Destinations

Say Konnichiwa to Japan’s new departure tax

Laine Fullerton

From January 7 2018, all travellers leaving Japan will be required to pay a 1000-yen ‘sayonara tax’.

While the figure appears hefty in yen, it only equates to AU$12.

Then again, that would probably cover our sushi lunches for the next few days.

Sushi GIF via Giphy

The tax that passed through the Diet last Wednesday in Tokyo, applies to any Japanese and non-Japanese travellers leaving the country by air or sea.

And no, the tax didn’t have to restrict its eating habits, the Diet refers to Japan’s bicameral legislature who are responsible for passing laws.

Under the law endorsed by the House of Councillors, toddlers under two and transit passengers who depart the country within 24 hours of arrival will be exempt.

The new tax is designed to assist infrastructure and improve services for tourists, in the lead up the 2020 Tokyo Olympics and Paralympics.

Part of the revenue will be allocated to the installation of gates equipped with facial recognition.

Other plans include free wireless internet services on public transport and implementing e-payment systems.

According to The Japan Times, the country has witnessed a surge of inbound tourist numbers and based on data compiled by the Justice Ministry, there were around 45.2 million departures from Japan in 2017 attracting a record 28.69 million tourists, up 19.3 per cent from 2016.

The Japanese government hopes to use the tax to boost tourism, with it expected to raise around AU$500 million in 2020 as it hopes to attract 40 million visitors annually once the Olympics take place.

After criticism from the travel industry when the tax was first proposed last year, a bill specifying how the government will use funds from the tax passed through the Diet last Tuesday, a day before the final approval of the tax.

Criticism arose around speculation that the government could divert the money for other purposes or that higher prices would inevitably put people off visiting Japan.

The new legislation limits the use of departure tax revenue to tourism-related projects, countering criticism and ensuring the country is set to handle the influx of tourists due for the 2020 Olympics in Tokyo.

The new permanent tax will be adopted for the first time since 1992.

SEE WHAT PEOPLE ARE SAYING

Leave a Reply

Wholesalers

Abercrombie & Kent unveils remote Flinders Island adventure

The luxury travel connoisseur is bringing remote and unusual parts of Australia into the spotlight with the launch of this new active adventure off the Tasmanian coast.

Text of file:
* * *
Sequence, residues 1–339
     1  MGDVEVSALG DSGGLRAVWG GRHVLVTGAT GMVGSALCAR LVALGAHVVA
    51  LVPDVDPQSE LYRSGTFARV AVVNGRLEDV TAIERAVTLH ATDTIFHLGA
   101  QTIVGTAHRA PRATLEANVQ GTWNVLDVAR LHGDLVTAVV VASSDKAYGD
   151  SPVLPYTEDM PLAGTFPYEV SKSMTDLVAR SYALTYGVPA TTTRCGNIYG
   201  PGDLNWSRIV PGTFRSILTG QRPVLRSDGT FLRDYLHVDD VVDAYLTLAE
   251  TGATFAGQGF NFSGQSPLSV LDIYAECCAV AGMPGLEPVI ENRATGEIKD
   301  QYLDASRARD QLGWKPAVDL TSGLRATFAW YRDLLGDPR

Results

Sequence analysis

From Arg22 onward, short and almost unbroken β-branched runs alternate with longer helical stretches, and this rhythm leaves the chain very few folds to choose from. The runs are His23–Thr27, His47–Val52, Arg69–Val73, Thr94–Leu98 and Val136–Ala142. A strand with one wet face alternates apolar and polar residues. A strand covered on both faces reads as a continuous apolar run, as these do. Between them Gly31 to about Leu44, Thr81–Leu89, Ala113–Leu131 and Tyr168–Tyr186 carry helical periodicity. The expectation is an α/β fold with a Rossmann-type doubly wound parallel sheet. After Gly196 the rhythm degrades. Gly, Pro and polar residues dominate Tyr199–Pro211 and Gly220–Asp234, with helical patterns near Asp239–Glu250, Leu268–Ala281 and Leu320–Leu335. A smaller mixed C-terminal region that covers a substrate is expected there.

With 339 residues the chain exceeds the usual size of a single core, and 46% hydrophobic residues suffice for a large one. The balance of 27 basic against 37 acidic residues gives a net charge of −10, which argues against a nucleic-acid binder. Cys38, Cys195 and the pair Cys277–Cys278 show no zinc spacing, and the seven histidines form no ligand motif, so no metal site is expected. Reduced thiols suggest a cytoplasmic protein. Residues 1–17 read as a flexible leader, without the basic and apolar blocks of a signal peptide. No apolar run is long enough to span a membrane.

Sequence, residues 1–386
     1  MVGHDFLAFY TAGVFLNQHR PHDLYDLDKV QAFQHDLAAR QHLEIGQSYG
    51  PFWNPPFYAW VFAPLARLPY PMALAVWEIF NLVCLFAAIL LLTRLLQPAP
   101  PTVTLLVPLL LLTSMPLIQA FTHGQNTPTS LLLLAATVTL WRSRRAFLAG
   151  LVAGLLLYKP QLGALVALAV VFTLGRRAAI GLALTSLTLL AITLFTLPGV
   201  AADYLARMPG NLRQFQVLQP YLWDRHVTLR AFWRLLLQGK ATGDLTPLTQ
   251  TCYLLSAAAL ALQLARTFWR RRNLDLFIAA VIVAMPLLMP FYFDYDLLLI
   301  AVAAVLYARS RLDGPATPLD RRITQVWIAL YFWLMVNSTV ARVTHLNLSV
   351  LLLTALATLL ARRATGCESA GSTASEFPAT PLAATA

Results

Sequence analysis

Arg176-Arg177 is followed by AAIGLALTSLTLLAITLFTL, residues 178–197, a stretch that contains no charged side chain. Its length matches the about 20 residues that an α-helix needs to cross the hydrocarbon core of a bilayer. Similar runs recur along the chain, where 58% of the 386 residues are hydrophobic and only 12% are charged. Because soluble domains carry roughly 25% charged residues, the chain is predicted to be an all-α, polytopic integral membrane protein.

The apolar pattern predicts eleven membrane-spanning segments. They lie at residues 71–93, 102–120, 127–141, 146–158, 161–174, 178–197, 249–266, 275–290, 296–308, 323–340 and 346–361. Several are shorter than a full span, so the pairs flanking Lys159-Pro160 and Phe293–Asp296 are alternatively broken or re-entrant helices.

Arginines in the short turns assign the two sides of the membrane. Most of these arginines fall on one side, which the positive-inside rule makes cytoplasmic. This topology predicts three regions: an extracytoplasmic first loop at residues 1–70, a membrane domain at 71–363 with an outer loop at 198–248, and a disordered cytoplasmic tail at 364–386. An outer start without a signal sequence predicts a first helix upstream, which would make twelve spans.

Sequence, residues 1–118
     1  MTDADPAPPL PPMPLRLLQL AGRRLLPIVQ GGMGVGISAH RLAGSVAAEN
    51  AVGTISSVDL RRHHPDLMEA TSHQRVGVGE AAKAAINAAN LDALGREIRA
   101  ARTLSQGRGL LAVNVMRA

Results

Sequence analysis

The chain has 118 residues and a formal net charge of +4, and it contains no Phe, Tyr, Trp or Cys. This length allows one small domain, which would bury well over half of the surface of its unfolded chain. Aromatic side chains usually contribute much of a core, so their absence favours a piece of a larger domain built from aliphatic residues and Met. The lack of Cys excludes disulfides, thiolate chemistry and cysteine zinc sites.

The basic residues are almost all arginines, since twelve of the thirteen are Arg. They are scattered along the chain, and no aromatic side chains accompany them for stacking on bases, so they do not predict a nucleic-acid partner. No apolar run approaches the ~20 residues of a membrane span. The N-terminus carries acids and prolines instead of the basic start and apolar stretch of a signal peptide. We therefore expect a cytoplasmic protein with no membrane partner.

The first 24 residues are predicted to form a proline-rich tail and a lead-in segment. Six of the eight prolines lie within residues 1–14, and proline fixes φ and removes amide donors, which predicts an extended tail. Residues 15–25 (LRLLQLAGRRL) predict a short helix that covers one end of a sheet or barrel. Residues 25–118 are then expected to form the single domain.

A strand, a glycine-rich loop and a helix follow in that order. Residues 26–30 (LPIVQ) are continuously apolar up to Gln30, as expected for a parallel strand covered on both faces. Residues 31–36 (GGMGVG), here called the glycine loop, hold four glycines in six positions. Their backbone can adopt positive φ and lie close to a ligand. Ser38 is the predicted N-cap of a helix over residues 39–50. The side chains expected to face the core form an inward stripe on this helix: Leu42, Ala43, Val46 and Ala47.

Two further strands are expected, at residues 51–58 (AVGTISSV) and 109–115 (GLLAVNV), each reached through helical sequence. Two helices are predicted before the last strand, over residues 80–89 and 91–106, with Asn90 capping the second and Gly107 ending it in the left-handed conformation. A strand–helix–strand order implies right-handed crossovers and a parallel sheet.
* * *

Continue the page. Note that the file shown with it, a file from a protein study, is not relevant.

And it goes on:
Share

CommentComments

Tourism

“There’s a fair bit of work to still go there”: ScoMo plays down hype around ‘vaccine passports’

by Ali Coulton

When the PM talks about international travel, the whole of Australia listens. However, in this instance, you’re going to have to switch your eyes on rather than your ears.

Share

CommentComments

Travel Agents

Flight Centre posts $234m loss, but grows its share in “large and important” Aussie leisure market

by Huntley Mitchell

If you ignore that big negative number in the headline, it’s all very positive news here from FCTG.

Share

CommentComments

Aviation

Qantas suffers $1bn half-yearly loss, pushes back international flight plans

by Huntley Mitchell

The flying kangaroo won’t be hopping overseas as soon as originally hoped, after posting a “stark, but not surprising” loss.

Share

CommentComments

Destinations

Brisvegas tapped as preferred host for 2032 Olympic Games

Crack a tinnie of XXXX Gold, because it looks like the Olympics might be coming to Queensland 32 years after Sydney’s hosting efforts.

Share

CommentComments

Cruise

Carnival Cruise Line extends US pause, as Canadian port closures spark Seabourn, Princess and HAL cancellations

Canada’s obnoxiously handsome PM, Justin Trudeau, has chucked a spanner in the works for cruise fanatics over on that side of the globe.

Share

CommentComments

Technology

Intrepid co-founder backs the Pinterest of travel apps

The social media platform claims to be the first to let users share travel-specific content to create real-world itineraries.

Share

CommentComments

Destinations

Why your clients will be drawn to Japan’s heartland once international travel restarts

by Sponsored by Gifu Prefecture Tourism Federation

With your clients no doubt itching to get back overseas, here’s a destination that’s a realistic chance of reopening to Aussies before many others.

Share

CommentComments

Aviation

“I thought we were going down”: What we know about the United Airlines engine explosion

The flight was forced to make an emergency landing in Denver when one of its engines blew apart, raining debris on suburban neighbourhoods below.

Share

CommentComments

Cruise

Royal Caribbean cops further punishment for detaining Aussie cruiser over threesome

The man had already been paid almost $100,000 by the cruise line after being detained by crew members on Explorer of the Seas for six days over false rape allegations.

Share

CommentComments

Travel Agents

Helloworld bears $15.1m loss, but retail networks still “largely intact”

by Huntley Mitchell

Helloworld swung to a loss in the first six months of FY21, but it wasn’t all bad news for the ASX-listed group.

Share

CommentComments

Destinations

Traditional owners threaten closure of key Kakadu tourism sites over “mismanagement” by Parks Australia

Traditional owners of Kakadu National Park have warned they will close parts of the tourism hotspot after claims it has fallen into “disrepair”.

Share

CommentComments